Who should own DNA? All of us

Marcy Darnovsky and Karuna Jaggar write: Most court cases involving patent law are corporate battles, with one company suing another for infringing on its intellectual property rights and, therefore, profits. Big companies fighting over big money can seem painfully irrelevant, especially when so many of us are simply struggling to get by.

But the case coming before the U.S. Supreme Court on Monday challenging two patents is a different animal, with enormous implications for both our health and shared humanity. The patents in question are on two human genes, BRCA1 and BRCA2, commonly referred to as the “breast cancer genes.”

We all have these genes in the cells of our bodies, but certain variants in some people significantly increase the risk of breast and ovarian cancer. Learning whether you have these risk-elevating mutations can be important because it gives you the opportunity to consider increased surveillance (such as cancer screenings and mammography) and even surgery to remove healthy organs.

The patents give one biotechnology company, Myriad Genetics Inc., sweeping control of the two genes. Myriad’s monopoly harms women’s health, impedes cancer research and raises important ethical questions about control over the human genome.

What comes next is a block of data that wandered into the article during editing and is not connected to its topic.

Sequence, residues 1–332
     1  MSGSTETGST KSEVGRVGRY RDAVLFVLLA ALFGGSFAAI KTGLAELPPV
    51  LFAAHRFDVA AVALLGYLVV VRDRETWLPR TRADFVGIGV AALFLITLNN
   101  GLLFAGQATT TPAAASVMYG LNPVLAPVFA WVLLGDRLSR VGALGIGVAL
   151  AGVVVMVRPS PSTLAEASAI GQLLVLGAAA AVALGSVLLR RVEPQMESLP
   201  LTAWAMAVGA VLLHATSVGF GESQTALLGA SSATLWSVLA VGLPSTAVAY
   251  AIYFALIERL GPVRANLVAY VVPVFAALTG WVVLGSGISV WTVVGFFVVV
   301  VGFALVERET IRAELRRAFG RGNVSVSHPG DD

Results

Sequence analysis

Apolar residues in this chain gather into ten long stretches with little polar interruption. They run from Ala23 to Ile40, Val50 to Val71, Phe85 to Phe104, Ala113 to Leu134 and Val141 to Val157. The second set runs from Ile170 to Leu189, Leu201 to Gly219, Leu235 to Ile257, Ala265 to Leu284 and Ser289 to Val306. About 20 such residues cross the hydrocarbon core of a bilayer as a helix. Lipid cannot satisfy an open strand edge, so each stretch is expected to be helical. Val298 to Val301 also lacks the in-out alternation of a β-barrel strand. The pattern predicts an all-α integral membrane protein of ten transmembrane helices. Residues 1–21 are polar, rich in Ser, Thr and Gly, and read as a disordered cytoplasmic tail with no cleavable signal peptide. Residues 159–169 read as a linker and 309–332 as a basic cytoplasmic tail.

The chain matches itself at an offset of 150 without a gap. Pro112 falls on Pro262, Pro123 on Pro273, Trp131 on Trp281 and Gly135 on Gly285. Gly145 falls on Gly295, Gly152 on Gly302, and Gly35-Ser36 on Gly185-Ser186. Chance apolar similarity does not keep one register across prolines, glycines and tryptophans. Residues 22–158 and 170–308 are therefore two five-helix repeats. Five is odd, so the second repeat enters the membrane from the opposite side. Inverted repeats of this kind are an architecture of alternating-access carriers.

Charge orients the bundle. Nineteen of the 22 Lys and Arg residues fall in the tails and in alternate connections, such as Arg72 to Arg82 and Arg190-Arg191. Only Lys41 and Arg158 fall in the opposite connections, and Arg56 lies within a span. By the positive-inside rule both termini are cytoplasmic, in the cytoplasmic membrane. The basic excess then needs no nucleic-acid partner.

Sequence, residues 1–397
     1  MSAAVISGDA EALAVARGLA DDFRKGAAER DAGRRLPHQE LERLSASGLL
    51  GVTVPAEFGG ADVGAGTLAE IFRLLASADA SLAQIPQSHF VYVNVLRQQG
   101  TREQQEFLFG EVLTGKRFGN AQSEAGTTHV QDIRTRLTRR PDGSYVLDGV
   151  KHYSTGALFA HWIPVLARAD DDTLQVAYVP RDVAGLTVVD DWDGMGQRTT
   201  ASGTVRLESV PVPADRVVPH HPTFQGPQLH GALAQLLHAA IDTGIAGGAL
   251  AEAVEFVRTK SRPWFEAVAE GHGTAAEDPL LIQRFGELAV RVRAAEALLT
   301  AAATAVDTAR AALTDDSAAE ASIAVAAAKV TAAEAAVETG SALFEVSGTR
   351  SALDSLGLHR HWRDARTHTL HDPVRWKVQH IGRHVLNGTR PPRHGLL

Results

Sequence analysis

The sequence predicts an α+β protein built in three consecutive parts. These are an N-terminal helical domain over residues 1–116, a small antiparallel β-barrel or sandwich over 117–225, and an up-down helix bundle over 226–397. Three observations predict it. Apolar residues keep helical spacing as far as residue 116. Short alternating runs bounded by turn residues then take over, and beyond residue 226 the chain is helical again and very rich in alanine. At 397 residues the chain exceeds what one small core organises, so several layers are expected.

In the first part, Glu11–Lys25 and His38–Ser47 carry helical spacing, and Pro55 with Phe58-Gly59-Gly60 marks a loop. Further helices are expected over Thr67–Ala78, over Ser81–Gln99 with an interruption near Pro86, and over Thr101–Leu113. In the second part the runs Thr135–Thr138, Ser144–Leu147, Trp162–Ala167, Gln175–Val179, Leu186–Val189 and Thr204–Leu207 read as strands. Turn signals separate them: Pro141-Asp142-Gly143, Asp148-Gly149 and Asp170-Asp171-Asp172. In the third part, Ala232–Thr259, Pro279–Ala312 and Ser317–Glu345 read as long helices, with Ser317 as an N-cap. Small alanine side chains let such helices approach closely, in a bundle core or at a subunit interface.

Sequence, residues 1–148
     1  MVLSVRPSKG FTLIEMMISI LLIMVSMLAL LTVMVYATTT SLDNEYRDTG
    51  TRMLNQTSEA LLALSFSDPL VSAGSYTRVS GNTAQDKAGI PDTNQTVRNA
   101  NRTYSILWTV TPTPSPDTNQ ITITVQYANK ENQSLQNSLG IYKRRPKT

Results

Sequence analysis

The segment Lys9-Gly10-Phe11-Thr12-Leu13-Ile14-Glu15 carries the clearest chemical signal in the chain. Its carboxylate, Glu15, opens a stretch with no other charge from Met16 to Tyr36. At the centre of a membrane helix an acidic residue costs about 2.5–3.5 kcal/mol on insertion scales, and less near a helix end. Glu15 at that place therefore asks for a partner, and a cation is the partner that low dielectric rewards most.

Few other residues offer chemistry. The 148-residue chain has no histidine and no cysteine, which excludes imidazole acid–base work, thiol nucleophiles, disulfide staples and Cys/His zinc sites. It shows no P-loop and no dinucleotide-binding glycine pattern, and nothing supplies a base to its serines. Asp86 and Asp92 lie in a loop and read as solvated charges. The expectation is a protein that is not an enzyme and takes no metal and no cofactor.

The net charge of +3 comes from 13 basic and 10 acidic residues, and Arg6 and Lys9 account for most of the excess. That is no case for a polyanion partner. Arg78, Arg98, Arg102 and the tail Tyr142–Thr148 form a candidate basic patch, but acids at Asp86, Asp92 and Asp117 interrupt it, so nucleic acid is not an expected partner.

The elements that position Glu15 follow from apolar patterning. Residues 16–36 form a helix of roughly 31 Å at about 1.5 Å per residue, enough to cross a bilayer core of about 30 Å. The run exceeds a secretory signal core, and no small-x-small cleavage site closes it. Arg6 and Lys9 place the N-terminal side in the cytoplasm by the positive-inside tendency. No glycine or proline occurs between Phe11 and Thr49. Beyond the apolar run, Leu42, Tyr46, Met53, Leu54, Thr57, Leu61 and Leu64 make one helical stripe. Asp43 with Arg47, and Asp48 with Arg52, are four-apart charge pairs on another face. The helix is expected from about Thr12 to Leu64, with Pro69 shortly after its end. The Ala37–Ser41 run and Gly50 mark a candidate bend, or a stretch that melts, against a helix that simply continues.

Myriad’s patents cover both the normal versions of the genes and all mutations and rearrangements within them. This monopoly has prevented other scientists and doctors from using the BRCA1 and BRCA2 genes in research, medicine, diagnosis and treatment.

With revenue from the patents approaching half a billion dollars a year, Myriad frequently restricts access to these genes. It sends cease-and-desist notices to prevent other researchers from working with them.

Myriad’s strict patent enforcement means its test is the only available one to determine whether a woman has a genetic variant that increases her risk of cancer. Women cannot get a second opinion about the results, even when faced with a decision about removing healthy organs to reduce their cancer risk. And too many women cannot even have the test because it is too expensive.

Furthermore, since Myriad’s test focuses on the variants that have already been identified, some women, especially women of color, are more likely to get ambiguous results. They are told they have a genetic variant but that Myriad doesn’t know whether it increases their risk of cancer.

The lawsuit before the Supreme Court next week has united women’s health organizations, research groups, genetic counselors and breast cancer patients. The American Civil Liberties Union and the Public Patent Foundation, the lead plaintiffs, make a straightforward argument (full disclosure: Breast Cancer Action is also a plaintiff; Center for Genetics and Society has signed several briefs): U.S. case law and patent statute plainly say that patents can be awarded only for human inventions.

Genes are not inventions but products of nature. You can’t patent the sun; you can’t patent a new species of insect you find in a forest; you can’t patent the speed of light. And you cannot patent human genes. [Continue reading…]

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